Want a decent retirement? Don’t look to the state.

I don’t think any of us ever thought we could enjoy the life of Riley in retirement if we had to live off the state pension. Just how grim the UK state pension is has come in a report from the Organisation for Economic Co-operation and Development (OECD).

Its report shows the UK’s state pension is one of the least generous in the world and that only two of the 34 countries that make up the OECD, Mexico and Chile, pay poorer pensions.

Meanwhile countries like Turkey, Russia and Greece pay significantly bigger retirement incomes, according to the report, Pensions at a Glance 2015.

The study compared pension income to the salaries that people earned while they were working and it found that typical pensioners, who had previously earned an average income, earn just over a third of what they do when working.

The basic state pension is currently worth £115.95, but will rise to £119.30 in April 2016, as a result of the triple-lock.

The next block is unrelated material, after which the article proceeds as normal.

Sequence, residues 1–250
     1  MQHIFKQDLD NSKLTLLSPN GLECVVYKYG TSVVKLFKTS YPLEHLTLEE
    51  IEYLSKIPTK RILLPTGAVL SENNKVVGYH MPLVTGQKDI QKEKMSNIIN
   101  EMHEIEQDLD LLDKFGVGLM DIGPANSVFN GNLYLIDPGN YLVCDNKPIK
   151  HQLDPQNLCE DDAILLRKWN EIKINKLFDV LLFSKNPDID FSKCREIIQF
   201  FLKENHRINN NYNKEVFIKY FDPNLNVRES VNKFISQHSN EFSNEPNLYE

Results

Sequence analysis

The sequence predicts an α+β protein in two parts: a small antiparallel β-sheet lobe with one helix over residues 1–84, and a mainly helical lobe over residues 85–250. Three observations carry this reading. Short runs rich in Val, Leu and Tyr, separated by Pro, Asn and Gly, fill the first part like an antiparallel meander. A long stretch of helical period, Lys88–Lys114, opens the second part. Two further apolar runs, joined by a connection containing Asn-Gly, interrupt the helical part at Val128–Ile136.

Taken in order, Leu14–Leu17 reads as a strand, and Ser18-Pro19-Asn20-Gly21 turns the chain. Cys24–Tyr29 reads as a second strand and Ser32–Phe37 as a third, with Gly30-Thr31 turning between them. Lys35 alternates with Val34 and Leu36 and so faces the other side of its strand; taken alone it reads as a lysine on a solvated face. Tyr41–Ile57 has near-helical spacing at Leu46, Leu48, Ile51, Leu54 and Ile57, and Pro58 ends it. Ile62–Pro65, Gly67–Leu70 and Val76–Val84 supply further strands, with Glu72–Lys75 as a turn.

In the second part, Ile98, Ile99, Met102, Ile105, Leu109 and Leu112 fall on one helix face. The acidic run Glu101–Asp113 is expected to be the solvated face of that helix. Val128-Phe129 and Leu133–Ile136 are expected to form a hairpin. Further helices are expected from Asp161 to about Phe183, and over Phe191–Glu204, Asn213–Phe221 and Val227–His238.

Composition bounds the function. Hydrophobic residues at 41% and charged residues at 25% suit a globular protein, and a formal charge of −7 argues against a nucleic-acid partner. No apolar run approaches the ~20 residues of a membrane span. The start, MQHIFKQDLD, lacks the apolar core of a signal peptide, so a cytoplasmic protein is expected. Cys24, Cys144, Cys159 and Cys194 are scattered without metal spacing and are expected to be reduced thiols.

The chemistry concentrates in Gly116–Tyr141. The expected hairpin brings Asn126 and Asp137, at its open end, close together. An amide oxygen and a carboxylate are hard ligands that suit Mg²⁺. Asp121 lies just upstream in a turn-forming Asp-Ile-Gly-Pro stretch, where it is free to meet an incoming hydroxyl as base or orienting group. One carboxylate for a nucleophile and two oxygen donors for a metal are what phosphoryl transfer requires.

From April, those on the new flat-rate pension will be able to get up to £155.65, but they will need to have 35 years of National Insurance Contributions(NICs) to claim the full amount.

While the Government has made efforts to improve the UK’s state pensions over recent years, the state pension is unlikely to cover more than life’s essentials.

Unless great aunt Agatha bequeaths you an unexpected inheritance or you win the Lottery, to be able to enjoy a comfortable retirement, a private or workplace pension or retirement savings of your own are essential. And the sooner you start, the more you’re likely to have when your golden years arrive.

The information provided in this article was accurate at the time of publishing and should be read in the context of the date it was published. Views in this article are those of the author alone and do not necessarily represent the view of Scottish Friendly. No advice has been provided by Scottish Friendly. If you are in any doubt as to whether a savings or investment plan is suitable for you, you should contact a financial adviser for advice. If you do not have a financial adviser, you can get details of local financial advisers by visiting www.unbiased.co.uk. Advisers may charge for providing such advice and should confirm any cost beforehand.